In the months that followed, not much was heard from AMD on the 3D VCache front, until CES 2022, when it announced the 5800X3D; the first 3D VCache CPU of its generation. Instead of the 12 cores of a 5900X, it will only have eight, with the standard 16 threads. But it will enjoy a full 96MB of L3 cache.
One other area where it will differ from the standard 5800X, though, is clock speed.
The base clock and boost clock of the 5800X3D are 400 and 200 MHz lower, respectively. This was reportedly to keep the CPU within AMD’s own desired thermal and power limits, and meant that it wouldn’t need to bin the CPU as aggressively, helping to improve yield numbers.
This may suggest that for bold overclockers or those with hefty cooling solutions, there is some added performance left on the table, which may be extracted post-launch.
Despite that fall in clock speed, however, AMD hailed the 5800X3D as the World’s Fastest Gaming Processor, in an aping of Intel’s claims about its recently-released 12900K. It also made it clear that the 5800X3D would be the only chip of the Zen 3 generation to be given the 3D VCache treatment, leaving any future use of the technology, to future generations.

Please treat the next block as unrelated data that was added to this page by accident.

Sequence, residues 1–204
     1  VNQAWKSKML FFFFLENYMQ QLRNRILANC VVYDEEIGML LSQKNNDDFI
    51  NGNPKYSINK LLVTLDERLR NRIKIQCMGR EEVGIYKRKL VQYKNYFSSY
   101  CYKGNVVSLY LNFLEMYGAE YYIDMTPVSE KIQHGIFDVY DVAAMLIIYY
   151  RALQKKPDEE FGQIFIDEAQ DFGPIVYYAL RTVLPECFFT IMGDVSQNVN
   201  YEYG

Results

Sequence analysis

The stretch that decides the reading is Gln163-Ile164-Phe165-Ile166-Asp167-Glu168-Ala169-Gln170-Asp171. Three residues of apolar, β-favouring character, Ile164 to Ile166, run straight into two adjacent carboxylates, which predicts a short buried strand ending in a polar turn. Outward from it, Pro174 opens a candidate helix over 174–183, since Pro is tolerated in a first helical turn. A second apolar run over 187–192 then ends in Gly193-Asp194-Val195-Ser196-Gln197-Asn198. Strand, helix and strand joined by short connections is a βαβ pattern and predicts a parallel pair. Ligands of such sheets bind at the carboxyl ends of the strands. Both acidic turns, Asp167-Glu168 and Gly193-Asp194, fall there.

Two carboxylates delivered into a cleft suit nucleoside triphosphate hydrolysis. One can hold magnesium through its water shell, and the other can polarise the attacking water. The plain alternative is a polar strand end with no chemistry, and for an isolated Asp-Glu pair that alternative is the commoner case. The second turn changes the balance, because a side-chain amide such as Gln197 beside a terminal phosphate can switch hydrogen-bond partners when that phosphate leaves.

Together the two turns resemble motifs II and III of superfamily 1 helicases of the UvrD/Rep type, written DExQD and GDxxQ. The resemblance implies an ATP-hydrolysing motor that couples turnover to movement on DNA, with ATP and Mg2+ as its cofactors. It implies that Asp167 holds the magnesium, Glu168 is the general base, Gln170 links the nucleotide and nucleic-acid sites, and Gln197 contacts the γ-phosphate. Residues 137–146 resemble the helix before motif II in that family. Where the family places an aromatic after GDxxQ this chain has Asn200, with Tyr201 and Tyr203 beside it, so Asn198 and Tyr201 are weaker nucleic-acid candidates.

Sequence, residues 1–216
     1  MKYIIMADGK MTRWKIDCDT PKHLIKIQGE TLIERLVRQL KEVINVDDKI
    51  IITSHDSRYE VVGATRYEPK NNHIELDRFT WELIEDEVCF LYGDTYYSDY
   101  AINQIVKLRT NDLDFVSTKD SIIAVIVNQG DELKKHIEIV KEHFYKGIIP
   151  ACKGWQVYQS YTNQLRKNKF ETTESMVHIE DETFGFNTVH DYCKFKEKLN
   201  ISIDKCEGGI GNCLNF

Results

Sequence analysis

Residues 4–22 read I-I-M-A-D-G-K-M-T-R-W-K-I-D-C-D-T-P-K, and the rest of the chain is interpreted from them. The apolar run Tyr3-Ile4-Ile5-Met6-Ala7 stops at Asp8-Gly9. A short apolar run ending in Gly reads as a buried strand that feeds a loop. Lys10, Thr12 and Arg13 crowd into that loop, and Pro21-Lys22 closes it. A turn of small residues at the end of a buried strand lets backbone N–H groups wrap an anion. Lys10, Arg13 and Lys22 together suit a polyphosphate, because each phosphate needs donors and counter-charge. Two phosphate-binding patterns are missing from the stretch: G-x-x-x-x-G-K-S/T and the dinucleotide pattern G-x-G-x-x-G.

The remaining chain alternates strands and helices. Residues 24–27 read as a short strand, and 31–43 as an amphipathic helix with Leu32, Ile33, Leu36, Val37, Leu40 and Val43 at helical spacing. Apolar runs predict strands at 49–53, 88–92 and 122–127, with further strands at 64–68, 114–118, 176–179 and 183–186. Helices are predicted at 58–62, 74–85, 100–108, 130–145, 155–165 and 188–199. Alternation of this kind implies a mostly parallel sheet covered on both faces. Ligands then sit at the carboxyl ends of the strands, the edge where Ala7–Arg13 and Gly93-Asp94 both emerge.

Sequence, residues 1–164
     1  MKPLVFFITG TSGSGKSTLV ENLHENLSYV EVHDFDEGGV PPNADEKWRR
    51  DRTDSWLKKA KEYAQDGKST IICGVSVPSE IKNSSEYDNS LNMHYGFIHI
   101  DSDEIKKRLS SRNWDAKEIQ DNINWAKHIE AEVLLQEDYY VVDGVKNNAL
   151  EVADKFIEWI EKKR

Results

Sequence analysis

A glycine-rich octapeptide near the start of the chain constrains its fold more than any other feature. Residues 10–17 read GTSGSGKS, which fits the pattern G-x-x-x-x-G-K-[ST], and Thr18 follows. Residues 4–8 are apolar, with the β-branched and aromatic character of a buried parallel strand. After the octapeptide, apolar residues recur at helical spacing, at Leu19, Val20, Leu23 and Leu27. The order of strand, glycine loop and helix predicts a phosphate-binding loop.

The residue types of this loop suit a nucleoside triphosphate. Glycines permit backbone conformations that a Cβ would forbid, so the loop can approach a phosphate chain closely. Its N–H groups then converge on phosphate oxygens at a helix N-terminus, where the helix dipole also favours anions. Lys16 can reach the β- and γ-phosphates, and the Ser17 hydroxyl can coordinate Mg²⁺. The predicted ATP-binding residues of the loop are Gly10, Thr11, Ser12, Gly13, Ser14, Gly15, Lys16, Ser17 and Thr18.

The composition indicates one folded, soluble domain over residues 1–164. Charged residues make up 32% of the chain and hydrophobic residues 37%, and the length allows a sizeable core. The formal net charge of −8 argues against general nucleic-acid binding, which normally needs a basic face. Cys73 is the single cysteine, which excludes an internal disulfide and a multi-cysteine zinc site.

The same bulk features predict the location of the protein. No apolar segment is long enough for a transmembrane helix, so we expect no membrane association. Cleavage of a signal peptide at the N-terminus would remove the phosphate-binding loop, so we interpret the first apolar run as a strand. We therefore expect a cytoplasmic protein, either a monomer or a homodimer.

AMD’s first hints at the performance potential of Zen 3 VCache CPUs at Computex 2021 suggested an average of 15 percent performance uplift over standard Zen 3 CPUs. At the debut of the 5800X3D at CES 2021, it made more overt and specific claims.
In a direct comparison with its own Zen 3 Ryzen 9 5900X, AMD claimed that the newly enhanced 5800X3D would deliver as much as a 36 percent improvement in frame rates in Watch Dogs: Legion, and a 24 percent in Far Cry 6.
These jumps in capability would also let it pull level with Intel’s 12900K in CS:GO, and even offer a performance advantage in Shadow of the Tomb Raider, and Final Fantasy XIV, of as much as 20 percent.
The list of games isn’t exhaustive, and the performance numbers were in percentages or multiples, rather than absolute frame rates.
That might just mean these numbers are rounder and make for better slides, but there is always the potential for putting the best foot forward with first-party benchmarks. We’ll need to wait on the general release of this CPU to find out just how well it performs.
What seems most likely, however, is that when it does launch, it will be AMD’s fastest gaming processor to date, with the potential for some advances in productivity applications, too. With AMD confirming that it has no plans to release a Ryzen 9 version of this processor, the 5800X3D will become AMD’s short-lived flagship in the months leading up to its true successors.
AMD 5800X3D release and legacy